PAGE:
Science should be for everyone
Open Access Government take a look at the British Science Association’s work to foster inclusivity in science, creating community cohesion and engagement
The British Science Association (BSA) is continuing its mission to transform the diversity and inclusivity of science, reach under-served audiences and increase the number of people who are actively engaged and involved in science, despite the COVID-19 crisis.
Gisela Abbam, Chair of the British Science Association illustrated that today, science and scientists are everywhere. “They make the news, lead government press conferences and immunology, vaccines and R-numbers are now commonplace in everyday life. Communities have also risen to the challenges faced during the pandemic. Yet how individual communities have responded has varied greatly depending on their access to knowledge, deep-rooted inequalities, poverty, lack of access to communication infrastructure, cultural circumspection, or an outright lack of trust in establishment bodies.”
Community engagement programmes
It is clear to see that COVID-19 has not only highlighted the need for relevant and inclusive science communication, but also the value of community cohesion.
Since 2015, BSA has led a series of programmes to support community organisations that work with groups that are under-served and under-represented in science. A showcase report released in June 2021 offers a closer look at these programmes and what has been learnt from them so far, and it is evident that supporting communities helps to tear down barriers for future generations.
Gisela Abbam further stated that “it is only by unlocking the potential in all of us that our society can truly thrive. By engaging a more diverse network of individuals and communities, together we will be better placed to tackle any new challenge the future may hold.”
One example of the BSA’s initiatives is the British Science Week Community Grant Programme which was established in 2014 with the goal to reach groups that are often underrepresented in science:
• People with physical or mental health conditions.
• Those living in remote areas or with a low socio-economic status, and many more.
Awarding small grants of £500 to community groups to support them in running activities during British Science Week each year has been extremely successful over the years. Starting with 10 groups in the first year, the British Science Week Community Grant scheme has now funded 675 more projects from 2015 to 2020.
On 16 June, the British Science Association (BSA) published a new report named “Build Better” aimed at UK leaders in science, policy, business and civil society. The report is a summary of the 2021 “For Thought” Programme, which featured the role of science and innovation in enabling a sustainable, equitable post-pandemic recovery as its focal point. The leadership programme took place in the form of roundtables and events held in February and March 2021 and discussed the COVID-19 pandemic at a starting point to explore how science, research, innovation and technology could be used to deliver a more equitable, sustainable and prosperous future for people and the planet.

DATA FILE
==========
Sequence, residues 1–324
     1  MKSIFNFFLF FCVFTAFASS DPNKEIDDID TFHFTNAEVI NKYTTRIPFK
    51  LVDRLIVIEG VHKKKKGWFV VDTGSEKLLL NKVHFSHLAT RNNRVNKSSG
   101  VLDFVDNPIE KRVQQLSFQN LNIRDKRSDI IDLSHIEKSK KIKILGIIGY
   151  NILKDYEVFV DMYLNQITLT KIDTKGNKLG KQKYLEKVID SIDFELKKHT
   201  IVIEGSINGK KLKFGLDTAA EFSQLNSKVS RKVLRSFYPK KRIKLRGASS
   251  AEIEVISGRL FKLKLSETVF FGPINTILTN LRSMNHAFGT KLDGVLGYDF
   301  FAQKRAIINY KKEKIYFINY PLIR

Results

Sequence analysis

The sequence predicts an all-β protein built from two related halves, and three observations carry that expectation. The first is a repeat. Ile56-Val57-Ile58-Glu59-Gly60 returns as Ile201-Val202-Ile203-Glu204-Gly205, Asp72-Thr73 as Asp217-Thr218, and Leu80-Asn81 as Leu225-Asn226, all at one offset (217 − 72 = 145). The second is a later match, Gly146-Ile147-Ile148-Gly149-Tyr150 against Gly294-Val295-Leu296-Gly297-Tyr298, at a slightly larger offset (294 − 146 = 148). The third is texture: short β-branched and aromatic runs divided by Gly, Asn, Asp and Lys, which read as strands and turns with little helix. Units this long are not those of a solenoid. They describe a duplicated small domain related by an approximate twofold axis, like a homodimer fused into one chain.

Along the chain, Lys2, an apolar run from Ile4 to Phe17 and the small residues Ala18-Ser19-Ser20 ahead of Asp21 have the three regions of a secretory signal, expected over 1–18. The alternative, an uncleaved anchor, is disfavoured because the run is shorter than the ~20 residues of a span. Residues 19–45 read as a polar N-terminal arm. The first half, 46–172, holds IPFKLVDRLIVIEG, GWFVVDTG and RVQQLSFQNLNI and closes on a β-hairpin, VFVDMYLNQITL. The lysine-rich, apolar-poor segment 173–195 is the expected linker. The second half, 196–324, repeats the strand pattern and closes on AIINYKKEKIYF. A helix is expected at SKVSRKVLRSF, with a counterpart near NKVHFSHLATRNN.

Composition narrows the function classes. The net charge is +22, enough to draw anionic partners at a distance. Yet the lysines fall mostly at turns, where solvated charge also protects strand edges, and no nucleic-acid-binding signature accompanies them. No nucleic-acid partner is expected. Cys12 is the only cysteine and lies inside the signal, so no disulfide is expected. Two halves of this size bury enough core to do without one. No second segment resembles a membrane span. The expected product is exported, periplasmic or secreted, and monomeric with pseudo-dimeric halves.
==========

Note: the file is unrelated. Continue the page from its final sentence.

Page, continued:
The report explores ideas, experiences and learnings from a range of cross-sector experts participating in six roundtables and three-panel discussions which took place in February and March 2021. The key recommendations call for leaders to:
- Put future generations at the heart of our institutional and systems decision-making.
- Share benefits of research and innovation across different communities.
- Create a long-term leadership coalition to deliver the UK’s Net Zero ambition.
The programme showed that there is a shared goal of a more equitable society after the pandemic and BSA’s work over the past year and going forward solidly echoes the sentiments of the above recommendations. One example of this is The Ideas Fund.
The Ideas Fund
”Last year, the BSA launched a new grants scheme – The Ideas Fund – that will fund and support research- community partnerships. Through programmes like this, and our community engagement work, we are committed to empowering people who may not typically come across science to have the opportunity to engage with it in a way that is relevant to them,” stated Katherine Mathieson, Chief Executive of the BSA.
She goes on to reiterate that “projects like these are just one of ways we can build trust between the scientific community and the public, an issue that was raised numerous times at For Thought as one to be addressed. Embedding communities in research and vice versa, will ultimately lead to innovation and progress that works for everyone, not just subgroups of the population. “I hope that those in leadership positions – from small organisations to larger bodies – will read this report and find it helpful when planning ahead for a fairer ‘new normal’.”
The Ideas Fund is a grants fund aimed at helping communities by focusing on mental health in the UK, and this is an area that must not be overlooked, now more than ever. It which enables the UK public to develop and try out ideas that address problems related to mental wellbeing.